"The Beatles: Get Back" Editor Discusses His Work on the Doc - Plus Helping Paul Duet with John on Tour

Below the Line
has an interesting interview with film editor Jabez Olssen, who discusses his work on Peter Jackson's "The Beatles: Get Back" documentary.

BTL: Are there any particular sequences you wish you could have kept in the film?

Olssen: Well, there are other things that may, I’m sure — The Beatles or Apple Corps, which is their company — may release someday. There are other songs that they worked on. There’s a visit by one of their early managers, Allan Williams. There are a couple of other songs. There’s a version of Paul’s song, “There You Are, Eddie,” about his dog, where they improvise the names of all the different pets the Beatles have ever owned. They list them all as they improvise the song and that was pretty fun. There are other songs — a lot of improvised songs that were fun but didn’t make it in — ones where they list all their old friends from Liverpool. There are all sorts of things that were fun in their own right but just didn’t make the final cut.

...BTL: How does it feel to know that as recently as a few days ago, Paul McCartney was using footage from the documentary on his Got Back tour?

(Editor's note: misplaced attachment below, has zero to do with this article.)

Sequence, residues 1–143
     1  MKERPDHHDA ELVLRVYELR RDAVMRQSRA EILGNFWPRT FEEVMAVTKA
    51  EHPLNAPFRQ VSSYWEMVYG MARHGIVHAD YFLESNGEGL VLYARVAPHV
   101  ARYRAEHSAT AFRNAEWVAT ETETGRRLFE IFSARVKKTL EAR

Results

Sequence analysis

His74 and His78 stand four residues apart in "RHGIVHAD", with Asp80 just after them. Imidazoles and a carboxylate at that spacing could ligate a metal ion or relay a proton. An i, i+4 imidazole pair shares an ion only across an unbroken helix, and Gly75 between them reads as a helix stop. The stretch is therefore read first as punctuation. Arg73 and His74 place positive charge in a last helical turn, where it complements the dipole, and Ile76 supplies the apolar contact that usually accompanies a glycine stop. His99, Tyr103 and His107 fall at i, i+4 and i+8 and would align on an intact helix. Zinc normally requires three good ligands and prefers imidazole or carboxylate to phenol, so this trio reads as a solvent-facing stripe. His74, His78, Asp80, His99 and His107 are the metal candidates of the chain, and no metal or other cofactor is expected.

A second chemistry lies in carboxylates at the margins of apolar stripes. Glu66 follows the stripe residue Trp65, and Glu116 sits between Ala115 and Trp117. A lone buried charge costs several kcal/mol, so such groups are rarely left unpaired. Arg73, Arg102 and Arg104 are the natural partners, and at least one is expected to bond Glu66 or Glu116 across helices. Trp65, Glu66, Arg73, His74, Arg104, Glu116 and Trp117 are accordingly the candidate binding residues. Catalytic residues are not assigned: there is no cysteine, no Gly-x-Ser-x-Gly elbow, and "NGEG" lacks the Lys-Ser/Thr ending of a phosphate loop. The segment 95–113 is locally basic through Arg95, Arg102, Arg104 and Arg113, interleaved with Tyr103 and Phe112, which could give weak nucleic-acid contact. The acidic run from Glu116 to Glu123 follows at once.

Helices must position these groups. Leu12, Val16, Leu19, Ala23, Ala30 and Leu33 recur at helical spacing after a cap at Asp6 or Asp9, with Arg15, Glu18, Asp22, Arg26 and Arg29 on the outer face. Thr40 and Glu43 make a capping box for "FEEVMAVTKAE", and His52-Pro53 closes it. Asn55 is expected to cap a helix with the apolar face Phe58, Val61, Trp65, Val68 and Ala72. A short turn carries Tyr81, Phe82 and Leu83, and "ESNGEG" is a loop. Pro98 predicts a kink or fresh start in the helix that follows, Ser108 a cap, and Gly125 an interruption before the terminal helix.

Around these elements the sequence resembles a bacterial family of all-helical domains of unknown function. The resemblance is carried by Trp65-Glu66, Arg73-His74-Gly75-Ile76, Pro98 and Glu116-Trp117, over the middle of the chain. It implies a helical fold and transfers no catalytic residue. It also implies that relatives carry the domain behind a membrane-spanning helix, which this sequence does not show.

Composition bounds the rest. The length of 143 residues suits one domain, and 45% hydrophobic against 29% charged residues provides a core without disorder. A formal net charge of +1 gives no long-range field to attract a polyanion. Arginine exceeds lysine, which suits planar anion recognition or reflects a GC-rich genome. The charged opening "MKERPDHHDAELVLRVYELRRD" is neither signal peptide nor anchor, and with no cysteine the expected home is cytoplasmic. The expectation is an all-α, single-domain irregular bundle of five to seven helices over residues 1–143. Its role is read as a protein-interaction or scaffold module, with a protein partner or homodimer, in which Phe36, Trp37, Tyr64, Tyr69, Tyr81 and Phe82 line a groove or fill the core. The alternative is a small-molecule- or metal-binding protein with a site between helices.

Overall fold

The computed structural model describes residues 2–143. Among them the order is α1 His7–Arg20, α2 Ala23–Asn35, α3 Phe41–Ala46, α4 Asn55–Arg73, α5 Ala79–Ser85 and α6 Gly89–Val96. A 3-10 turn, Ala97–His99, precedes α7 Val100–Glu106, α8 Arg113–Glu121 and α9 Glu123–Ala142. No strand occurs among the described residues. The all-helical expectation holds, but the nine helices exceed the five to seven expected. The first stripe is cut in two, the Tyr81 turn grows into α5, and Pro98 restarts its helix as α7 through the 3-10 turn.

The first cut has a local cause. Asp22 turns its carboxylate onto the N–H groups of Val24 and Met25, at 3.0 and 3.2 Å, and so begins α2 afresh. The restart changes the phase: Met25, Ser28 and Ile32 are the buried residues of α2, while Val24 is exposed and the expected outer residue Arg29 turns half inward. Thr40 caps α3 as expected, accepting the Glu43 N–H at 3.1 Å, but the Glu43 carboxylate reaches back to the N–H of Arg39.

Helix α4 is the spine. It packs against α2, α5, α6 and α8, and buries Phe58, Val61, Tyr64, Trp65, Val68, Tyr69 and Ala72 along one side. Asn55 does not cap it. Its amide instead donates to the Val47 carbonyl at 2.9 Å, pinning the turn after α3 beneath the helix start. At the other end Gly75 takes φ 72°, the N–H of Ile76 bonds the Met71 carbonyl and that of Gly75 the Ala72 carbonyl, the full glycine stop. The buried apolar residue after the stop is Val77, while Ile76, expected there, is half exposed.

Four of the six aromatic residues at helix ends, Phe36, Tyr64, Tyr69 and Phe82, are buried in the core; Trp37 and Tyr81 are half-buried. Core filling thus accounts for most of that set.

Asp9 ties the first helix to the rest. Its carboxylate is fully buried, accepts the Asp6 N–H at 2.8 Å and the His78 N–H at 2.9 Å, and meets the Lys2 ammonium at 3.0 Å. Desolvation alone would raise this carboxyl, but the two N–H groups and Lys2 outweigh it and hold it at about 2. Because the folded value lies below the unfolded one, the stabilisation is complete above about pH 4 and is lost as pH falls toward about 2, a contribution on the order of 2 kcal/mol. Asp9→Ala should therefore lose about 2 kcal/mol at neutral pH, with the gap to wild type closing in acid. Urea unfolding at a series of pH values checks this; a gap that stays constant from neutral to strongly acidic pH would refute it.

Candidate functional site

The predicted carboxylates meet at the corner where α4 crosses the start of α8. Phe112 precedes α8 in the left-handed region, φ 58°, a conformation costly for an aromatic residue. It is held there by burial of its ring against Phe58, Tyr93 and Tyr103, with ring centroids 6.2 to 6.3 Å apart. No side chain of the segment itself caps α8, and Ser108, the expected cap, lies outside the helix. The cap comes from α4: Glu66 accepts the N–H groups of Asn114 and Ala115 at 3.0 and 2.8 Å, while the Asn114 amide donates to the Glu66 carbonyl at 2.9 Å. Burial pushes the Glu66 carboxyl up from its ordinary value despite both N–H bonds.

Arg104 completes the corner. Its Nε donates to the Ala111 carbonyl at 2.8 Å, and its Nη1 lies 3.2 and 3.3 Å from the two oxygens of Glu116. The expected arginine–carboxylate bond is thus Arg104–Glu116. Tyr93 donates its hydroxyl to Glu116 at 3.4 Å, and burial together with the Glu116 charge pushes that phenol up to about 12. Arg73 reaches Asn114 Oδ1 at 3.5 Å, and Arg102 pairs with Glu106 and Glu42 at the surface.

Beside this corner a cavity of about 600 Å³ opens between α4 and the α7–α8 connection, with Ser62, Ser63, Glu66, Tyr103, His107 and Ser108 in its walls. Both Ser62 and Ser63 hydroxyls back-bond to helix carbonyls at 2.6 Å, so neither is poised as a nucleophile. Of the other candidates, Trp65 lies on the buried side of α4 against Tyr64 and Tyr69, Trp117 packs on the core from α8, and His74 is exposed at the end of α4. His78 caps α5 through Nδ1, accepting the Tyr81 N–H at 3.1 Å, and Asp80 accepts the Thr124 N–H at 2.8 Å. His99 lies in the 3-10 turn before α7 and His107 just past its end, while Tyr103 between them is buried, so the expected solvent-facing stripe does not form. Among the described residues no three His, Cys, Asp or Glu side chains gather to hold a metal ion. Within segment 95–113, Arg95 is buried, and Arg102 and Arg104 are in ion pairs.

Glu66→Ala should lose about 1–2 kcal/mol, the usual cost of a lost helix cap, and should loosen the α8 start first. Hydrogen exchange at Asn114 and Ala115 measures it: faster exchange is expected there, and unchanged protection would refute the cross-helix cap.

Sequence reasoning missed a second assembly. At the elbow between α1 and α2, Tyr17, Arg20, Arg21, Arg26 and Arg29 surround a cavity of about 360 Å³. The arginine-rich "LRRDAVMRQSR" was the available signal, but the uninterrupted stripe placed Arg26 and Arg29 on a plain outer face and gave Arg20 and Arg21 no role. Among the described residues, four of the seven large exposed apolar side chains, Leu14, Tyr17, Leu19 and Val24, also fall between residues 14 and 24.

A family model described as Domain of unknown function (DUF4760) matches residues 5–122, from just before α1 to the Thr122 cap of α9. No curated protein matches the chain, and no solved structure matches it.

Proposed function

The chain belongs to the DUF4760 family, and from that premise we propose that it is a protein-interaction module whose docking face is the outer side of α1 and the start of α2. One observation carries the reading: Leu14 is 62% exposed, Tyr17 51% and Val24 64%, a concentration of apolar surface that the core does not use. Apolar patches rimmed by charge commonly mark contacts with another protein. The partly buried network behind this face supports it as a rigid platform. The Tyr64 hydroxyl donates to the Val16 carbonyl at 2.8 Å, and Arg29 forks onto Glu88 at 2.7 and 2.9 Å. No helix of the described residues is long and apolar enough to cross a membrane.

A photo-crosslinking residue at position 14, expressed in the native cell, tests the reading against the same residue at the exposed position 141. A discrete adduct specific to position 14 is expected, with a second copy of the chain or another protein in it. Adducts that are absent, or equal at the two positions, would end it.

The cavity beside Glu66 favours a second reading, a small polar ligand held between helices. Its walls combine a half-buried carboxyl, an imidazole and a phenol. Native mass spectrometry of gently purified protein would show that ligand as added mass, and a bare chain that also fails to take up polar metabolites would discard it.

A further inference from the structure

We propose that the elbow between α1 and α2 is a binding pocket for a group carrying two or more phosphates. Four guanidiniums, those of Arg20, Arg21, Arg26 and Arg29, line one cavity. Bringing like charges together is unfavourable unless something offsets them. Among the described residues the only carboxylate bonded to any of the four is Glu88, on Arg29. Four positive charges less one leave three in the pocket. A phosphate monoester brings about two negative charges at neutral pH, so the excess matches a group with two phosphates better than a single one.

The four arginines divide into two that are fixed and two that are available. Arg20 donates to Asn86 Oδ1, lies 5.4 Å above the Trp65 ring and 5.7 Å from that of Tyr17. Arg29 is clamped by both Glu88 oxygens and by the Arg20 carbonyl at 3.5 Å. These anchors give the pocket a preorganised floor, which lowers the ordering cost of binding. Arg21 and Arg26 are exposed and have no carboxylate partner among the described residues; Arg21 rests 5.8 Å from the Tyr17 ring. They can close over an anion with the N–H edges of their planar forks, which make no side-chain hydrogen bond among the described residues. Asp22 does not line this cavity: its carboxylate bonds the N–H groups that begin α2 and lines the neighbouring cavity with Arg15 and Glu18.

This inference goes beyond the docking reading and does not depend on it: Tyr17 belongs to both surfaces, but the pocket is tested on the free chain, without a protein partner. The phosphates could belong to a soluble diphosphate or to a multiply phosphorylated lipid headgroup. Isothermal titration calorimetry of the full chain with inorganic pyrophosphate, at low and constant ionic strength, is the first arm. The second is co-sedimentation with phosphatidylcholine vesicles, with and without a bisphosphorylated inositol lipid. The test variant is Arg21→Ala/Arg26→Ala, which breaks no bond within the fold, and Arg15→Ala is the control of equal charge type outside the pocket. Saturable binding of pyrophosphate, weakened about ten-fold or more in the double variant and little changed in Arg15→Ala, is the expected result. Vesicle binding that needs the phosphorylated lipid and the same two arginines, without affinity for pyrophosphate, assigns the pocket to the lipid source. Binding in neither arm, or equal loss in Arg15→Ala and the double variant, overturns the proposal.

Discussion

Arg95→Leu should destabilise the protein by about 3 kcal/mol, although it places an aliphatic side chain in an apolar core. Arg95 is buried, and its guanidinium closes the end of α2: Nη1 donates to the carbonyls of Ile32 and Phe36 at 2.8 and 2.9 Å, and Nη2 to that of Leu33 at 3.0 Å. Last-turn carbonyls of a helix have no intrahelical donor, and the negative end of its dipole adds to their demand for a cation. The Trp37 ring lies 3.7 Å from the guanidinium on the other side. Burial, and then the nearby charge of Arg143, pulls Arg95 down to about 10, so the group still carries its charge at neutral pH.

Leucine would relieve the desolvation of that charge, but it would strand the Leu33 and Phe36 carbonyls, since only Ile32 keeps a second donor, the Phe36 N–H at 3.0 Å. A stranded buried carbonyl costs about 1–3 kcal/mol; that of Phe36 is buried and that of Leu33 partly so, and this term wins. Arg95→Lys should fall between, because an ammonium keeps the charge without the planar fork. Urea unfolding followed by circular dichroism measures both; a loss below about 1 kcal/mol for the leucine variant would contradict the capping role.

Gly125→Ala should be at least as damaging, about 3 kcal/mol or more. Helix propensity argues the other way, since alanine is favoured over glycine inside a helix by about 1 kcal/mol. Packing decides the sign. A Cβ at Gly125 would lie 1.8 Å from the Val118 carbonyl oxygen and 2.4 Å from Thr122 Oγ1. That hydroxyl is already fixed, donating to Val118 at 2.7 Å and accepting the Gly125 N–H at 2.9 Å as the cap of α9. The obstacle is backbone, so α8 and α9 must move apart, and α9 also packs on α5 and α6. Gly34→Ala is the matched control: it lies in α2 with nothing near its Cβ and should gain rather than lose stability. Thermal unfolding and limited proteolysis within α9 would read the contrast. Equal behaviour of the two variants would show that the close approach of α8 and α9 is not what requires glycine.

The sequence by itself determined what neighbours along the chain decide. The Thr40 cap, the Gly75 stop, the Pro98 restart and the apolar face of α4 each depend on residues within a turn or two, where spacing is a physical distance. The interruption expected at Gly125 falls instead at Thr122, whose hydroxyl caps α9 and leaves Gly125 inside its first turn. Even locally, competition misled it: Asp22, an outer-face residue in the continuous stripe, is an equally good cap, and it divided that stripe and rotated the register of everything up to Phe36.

Olssen: We helped them with that and we put that together for him. That’s fantastic. We’ve been watching some clips on YouTube and it’s just amazing to see Paul being able to sing “I’ve Got A Feeling” with John Lennon. That was possible because of the machine learning and artificial intelligence software that had been developed down here by the team to clean up the audio. We had a lot of audio that was otherwise going to be unusable because there was no clarity to the dialogue. You couldn’t hear what was being said because of all the guitars playing over the top of it or tuning or background noise. This new software has been developed — this artificial intelligence software — that’s able to recognize the different Beatles voices and instruments and separate them out into their own standalone tracks, and thus we could get a lot more usable audio for the documentary. The same software is now being used for Paul’s concert to remove all the other Beatles off the audio so it’s only John Lennon live singing, and then that can be played on the screen behind Paul as he sings his part live. That’s just a thrill to see that it’s all come together and it’s working.